Cushings Disease

Equine Cushings Disease is a malfunction of the Pituitary gland, leading to excess production of cortisol, which is a natural steroid. This is a typical problem of the older horse.


  • Excessive thirst – drinking up to 3 times more than usual   
  • Long coarse hairy coat, sometimes curly, retained in summer  
  • Swayback stance and pot belly
  • Deposit of fat above the eyes
  • Dull, listless appearance. 
  • Increased appetite (but probably without improved condition)  
  • Laminitis
  • Loss of topline
  • Weakened immune system, allowing a variety of diseases to take hold

Several websites produced by qualified veterinary practitioners observe that if caught early, Cushings Disease can be controlled with Agnus Castus (Monk’s Pepper, Chaste Tree) see for example The Laminitis Trust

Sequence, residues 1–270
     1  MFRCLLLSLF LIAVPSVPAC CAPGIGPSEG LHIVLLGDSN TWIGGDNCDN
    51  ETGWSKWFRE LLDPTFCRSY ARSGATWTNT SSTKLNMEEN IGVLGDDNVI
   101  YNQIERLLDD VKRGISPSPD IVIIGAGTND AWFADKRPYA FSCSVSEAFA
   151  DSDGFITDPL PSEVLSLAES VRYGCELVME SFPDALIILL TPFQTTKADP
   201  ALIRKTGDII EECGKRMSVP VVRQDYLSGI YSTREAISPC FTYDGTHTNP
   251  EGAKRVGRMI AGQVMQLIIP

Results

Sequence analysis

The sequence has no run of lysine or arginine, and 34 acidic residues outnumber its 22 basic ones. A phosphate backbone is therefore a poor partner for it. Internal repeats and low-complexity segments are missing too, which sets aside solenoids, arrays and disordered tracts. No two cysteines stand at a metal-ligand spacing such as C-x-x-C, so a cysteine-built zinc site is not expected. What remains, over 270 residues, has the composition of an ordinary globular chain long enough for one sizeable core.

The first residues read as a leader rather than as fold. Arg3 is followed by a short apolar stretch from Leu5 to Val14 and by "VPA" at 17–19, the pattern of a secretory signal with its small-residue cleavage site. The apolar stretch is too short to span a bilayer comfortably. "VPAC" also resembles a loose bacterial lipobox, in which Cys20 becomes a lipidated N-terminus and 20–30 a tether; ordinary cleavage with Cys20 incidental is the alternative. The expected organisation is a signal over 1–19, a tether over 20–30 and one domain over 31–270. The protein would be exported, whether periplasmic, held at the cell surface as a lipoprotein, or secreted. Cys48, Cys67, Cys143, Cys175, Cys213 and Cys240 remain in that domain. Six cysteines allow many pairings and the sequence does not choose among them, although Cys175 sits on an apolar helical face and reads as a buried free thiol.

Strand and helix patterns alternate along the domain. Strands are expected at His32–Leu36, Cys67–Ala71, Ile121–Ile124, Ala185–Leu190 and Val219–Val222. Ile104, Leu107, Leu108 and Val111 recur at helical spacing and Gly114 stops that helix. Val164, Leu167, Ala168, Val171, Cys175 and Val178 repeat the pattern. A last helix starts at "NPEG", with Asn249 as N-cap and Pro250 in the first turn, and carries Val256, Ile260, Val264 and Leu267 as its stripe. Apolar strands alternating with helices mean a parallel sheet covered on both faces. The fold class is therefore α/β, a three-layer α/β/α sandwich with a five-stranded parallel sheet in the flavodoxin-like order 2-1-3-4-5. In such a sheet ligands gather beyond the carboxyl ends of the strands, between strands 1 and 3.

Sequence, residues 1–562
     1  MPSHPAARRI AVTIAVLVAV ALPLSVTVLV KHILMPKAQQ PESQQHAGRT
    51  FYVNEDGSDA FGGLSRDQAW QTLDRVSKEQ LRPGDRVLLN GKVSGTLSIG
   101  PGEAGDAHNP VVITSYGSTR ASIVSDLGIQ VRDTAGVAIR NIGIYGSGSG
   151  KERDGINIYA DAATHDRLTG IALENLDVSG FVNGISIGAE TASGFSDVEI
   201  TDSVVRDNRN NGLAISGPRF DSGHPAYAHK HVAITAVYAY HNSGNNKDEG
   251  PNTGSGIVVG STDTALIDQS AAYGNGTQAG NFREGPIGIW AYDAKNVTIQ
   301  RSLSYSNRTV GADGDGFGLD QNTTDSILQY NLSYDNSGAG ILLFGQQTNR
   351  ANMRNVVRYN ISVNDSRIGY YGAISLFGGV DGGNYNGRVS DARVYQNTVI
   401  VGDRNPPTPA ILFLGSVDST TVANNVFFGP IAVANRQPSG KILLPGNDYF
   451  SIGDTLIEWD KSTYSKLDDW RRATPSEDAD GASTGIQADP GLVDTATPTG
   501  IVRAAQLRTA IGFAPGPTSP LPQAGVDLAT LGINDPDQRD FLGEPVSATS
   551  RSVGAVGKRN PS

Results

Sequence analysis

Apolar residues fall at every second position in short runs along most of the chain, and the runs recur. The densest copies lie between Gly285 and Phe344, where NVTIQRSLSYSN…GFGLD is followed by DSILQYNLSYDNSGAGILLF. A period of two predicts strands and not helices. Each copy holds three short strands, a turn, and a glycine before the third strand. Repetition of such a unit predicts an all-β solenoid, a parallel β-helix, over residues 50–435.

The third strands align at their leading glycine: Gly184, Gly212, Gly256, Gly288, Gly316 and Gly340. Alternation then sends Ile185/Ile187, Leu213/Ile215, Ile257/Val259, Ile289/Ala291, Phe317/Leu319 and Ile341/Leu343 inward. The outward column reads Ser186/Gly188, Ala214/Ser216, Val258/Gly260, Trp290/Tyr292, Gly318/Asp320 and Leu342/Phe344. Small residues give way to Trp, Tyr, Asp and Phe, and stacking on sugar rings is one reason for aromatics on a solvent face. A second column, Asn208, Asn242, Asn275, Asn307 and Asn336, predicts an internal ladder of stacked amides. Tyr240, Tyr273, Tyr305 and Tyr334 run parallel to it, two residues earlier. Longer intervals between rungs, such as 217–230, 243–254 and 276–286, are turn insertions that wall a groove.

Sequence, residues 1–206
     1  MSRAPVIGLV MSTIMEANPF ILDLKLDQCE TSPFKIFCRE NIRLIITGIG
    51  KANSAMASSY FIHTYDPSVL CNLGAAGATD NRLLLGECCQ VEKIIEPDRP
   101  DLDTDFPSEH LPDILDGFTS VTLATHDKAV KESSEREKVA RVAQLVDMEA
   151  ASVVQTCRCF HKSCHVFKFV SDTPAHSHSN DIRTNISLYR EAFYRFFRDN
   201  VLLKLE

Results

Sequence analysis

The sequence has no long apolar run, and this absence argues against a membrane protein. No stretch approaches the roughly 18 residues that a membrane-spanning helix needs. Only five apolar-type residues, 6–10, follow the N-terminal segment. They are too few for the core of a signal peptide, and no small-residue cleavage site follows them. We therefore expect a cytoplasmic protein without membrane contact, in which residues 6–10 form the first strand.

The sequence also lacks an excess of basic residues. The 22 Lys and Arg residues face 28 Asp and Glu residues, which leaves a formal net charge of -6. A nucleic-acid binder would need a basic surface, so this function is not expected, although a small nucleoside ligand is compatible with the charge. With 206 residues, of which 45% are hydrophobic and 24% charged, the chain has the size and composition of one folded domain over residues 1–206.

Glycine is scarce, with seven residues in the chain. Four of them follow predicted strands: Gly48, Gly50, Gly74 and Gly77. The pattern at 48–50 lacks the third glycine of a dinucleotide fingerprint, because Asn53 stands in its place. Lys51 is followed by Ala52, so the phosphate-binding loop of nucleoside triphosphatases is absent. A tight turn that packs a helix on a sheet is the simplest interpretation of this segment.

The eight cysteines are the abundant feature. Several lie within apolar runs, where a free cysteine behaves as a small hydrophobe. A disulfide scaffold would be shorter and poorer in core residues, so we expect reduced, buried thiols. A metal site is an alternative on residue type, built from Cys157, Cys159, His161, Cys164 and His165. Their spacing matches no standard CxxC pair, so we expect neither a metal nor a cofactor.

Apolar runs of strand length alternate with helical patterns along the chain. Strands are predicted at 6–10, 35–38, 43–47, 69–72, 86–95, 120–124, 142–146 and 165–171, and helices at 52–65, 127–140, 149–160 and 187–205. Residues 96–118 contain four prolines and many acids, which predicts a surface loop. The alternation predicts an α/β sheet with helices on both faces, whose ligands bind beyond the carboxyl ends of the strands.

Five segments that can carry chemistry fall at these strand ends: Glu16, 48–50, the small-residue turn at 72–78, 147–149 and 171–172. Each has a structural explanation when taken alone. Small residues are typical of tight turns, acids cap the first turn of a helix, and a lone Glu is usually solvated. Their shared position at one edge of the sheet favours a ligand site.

For advice on maintaining condition, click here. For advice on diets for cushinoid cases you should contact Horseheath Nutrition direct – click

This horse was thought to be suffering incipient Cushing’s Disease. This picture was taken in early June. Note the winter coat still on the belly, neck and legs.
Ten days later, more of the winter coat has been shed but a weight loss problem has become apparent.